What muscle groups get worked when you row?

We know that rowing is an excellent exercise to ensure a whole body workout. This goes for training on open water on any type of rowing machine. Your back, legs, arms, and core are all required at different stages of the rowing movement. In this article we will take a better look at what stage of the rowing movement particular muscles are required. Understanding this can help you to improve your stroke. For example if are only feeling a burn in your arms during the drive phase and not using your back and large leg muscles back it means that your technique needs correction.

  1. The Catch

Main muscle groups required: Triceps, Deltoids, and Calves.

During the catch the legs are compressed with the shins vertical. As the foot is flexed there is some contraction in the calves and quadriceps,

The deltoids in the shoulder allow the arm to extend. The back muscles and abdominals should also be relaxed in this position.

  1. The Drive

Main muscle groups required:  Quadriceps, Hamstrings, Calves, Hip flexor, Glutes minor and max, scapula, biceps, triceps, Deltoids

This part of the rowing moving sees a number of the large muscle groups engaged and the level of exertion is significant.

The drive is initiated with the large muscles of the legs (Quadriceps). While this is happening all the shoulder and upper back muscles will contract.

As the legs extend

Finally as the drive finished and the hand come towards the torso all of the upper body muscles become engaged with high force. For the shoulders, biceps, scapula and pectorals this is the most significant part of the rowing movement.

  1. The Finish

Main muscle groups required: Abdominals, Triceps, calves, and Biceps.

The finish sees the body stabilise and prepare for the recovery. At this stage the many of the major muscle groups worked during the drive are contracting

At the finish, the abdominals stabilise the body, and the glutes and quads are contracting. The biceps and many of the back muscles are also contracting to help keep the torso in the finish position,

  1. The Recovery

Main muscle groups required: Anterior deltoids, hamstring, abdominals, and triceps.

The triceps engage to push the arms forward and away from the body. The abdominals flex the torso forward, and the hamstrings and calves contract as you slide up to the catch.

 

For a detailed breakdown on the rowing movement check out: http://www.concept2.com/files/pdf/us/training/Training_MusclesUsed.pdf 

How To Row Properly

For many years I went to the gym and would begin and finish my workouts on the rowing machine. Typically I would jump on a rowing machine and hit the quick start button and row for about 5 minutes or until I began to fatigue.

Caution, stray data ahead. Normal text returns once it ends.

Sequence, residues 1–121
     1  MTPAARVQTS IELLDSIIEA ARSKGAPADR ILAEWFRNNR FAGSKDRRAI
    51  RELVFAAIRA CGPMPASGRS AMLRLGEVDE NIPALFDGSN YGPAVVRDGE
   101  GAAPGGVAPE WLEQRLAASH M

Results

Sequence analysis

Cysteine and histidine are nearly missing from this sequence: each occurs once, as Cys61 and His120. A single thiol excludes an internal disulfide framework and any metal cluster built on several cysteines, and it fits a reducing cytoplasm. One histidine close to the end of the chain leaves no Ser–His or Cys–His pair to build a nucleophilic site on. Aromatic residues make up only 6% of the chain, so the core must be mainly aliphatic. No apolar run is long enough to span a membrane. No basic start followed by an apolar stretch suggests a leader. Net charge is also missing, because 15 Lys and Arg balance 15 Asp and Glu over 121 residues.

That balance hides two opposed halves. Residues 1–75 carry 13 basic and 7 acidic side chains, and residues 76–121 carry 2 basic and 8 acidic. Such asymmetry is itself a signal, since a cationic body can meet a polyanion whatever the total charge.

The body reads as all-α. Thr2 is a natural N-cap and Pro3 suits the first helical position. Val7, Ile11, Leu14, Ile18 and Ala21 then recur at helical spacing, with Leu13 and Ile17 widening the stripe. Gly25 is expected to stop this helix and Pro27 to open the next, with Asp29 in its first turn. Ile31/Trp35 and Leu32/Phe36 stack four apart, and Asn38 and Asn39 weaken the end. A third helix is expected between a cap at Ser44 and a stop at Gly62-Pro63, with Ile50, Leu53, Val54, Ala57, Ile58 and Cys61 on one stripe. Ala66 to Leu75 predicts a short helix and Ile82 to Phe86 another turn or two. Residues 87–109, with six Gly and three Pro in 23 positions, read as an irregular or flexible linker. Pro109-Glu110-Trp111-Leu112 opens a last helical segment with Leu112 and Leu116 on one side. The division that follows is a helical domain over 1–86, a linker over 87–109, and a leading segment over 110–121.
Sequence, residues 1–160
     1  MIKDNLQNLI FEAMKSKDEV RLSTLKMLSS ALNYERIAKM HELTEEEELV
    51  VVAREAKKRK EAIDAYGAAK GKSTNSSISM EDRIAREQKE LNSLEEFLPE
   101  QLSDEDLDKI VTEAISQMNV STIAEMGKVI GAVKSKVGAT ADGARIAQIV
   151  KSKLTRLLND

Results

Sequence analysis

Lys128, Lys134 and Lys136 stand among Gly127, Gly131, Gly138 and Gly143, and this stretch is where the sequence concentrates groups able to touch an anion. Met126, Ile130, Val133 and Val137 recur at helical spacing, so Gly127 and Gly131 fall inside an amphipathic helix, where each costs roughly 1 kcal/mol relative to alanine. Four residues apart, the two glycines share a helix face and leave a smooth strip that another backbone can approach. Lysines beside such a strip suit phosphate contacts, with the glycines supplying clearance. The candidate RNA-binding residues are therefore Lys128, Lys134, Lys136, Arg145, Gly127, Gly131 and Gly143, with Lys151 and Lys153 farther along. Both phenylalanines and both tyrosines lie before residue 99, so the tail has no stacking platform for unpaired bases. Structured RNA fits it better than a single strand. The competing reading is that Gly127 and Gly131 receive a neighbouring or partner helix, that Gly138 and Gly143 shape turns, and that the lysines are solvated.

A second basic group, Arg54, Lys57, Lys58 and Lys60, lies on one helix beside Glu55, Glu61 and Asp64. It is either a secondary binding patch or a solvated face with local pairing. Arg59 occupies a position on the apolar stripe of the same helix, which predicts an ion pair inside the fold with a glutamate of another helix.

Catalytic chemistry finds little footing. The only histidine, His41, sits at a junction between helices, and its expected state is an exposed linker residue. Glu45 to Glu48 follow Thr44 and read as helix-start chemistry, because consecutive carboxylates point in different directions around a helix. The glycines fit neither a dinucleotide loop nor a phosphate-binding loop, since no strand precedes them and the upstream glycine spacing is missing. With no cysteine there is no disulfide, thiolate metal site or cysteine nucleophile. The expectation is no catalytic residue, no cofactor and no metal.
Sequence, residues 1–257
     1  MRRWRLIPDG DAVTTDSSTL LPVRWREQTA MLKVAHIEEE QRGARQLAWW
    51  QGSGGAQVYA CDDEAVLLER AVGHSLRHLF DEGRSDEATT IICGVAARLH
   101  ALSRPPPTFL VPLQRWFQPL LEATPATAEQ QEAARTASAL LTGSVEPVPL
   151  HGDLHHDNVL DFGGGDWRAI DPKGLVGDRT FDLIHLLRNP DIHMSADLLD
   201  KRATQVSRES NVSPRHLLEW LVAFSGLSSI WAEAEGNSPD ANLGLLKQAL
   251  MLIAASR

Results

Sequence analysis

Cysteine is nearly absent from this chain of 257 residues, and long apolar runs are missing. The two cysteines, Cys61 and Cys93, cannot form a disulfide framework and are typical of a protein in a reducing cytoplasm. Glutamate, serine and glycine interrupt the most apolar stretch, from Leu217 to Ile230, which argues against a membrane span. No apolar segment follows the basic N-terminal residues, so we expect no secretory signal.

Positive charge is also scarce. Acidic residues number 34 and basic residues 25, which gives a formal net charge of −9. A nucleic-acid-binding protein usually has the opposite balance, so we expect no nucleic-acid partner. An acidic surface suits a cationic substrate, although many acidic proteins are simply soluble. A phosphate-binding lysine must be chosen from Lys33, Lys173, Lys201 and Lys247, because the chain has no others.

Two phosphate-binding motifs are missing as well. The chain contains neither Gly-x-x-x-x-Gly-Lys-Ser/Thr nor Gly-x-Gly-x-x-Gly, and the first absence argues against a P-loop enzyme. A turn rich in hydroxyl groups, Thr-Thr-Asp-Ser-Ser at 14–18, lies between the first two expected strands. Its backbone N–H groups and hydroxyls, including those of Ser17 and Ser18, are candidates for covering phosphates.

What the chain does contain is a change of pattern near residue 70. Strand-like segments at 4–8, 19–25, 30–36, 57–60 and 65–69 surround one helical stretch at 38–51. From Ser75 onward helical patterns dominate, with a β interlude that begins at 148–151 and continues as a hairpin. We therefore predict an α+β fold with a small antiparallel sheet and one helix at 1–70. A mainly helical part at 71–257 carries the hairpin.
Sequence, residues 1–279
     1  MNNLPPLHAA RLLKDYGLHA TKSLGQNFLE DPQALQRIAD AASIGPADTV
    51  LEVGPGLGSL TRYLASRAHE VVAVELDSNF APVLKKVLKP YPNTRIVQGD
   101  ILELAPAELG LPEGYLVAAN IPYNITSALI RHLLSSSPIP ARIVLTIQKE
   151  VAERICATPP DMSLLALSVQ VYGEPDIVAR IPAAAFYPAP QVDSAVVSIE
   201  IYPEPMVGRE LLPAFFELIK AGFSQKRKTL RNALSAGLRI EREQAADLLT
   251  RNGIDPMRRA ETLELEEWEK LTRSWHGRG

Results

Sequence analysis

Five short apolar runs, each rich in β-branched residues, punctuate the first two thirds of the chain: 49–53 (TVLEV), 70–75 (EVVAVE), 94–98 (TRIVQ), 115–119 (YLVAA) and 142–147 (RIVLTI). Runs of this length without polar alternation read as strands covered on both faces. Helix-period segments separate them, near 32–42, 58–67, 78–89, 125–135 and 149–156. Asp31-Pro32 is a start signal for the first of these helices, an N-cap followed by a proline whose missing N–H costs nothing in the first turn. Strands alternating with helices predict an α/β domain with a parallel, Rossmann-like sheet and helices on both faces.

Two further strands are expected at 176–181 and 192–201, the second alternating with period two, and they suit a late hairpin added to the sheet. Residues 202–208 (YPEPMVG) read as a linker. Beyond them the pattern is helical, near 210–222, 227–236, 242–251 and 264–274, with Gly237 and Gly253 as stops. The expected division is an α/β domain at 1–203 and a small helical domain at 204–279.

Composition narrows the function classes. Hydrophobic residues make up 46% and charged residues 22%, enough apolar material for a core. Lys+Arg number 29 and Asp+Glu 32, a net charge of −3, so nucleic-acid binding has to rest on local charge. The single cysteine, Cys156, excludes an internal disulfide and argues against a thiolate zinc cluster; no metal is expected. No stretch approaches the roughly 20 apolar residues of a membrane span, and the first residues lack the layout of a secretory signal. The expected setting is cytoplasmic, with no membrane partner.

It was not until years later after reading about the UK Olympic teams training regimes that I figured out that if I put a bit more structure on my rowing workout I could get a lot more out of them. By making some small changes and implementing the correct technique I quickly saw significant improvements. Within a short period of time I found that I had reached new levels in my endurance, strength/power, and overall fitness.

Like any sport, perfecting the technique to a high level can be very difficult and can take many years. However it is relatively easy to get a handle on the 4 primary movements of Rowing and once you have a good understanding of each step you can work on slowly improving your technique over time.

This video from the guys at Concept2 is an excellent place to start:

 

Part 1: The catch

This is the part of the row where you first meet the resistance. Your arms are straight but not rigid and should be reaching in front of you with your shoulders relaxed and in front of your hips.

At the catch your shins should be vertical, and the chest should come to meet the thighs. You should be light on your feet with weight balanced between both left and right.

Part 2: The Drive

The drive begins in the legs and moves through the body and then the arms. These three body parts work together to create the force that propels you backwards and provides maximum power against the resistance.

As the legs are straightening you should be opening up your back while at the same time using your arms to pull the handle towards your solar plexus. At the end of the drive you should find yourself with your torso leaning back, hands drawn into to the body, and legs fully extended

Part 3: The Recovery

The recovery is the part of the rowing action where you get your body back into position and ready to go again. It is important to ensure that the transition between the drive and the recovery causes as little disturbance to your momentum as possible.

Once your hands have cleared your knees, allow your knees to bend and gradually slide the seat forward again. At the end of the recovery you should find yourself returned to the catch position with shoulders relaxed and shins vertical.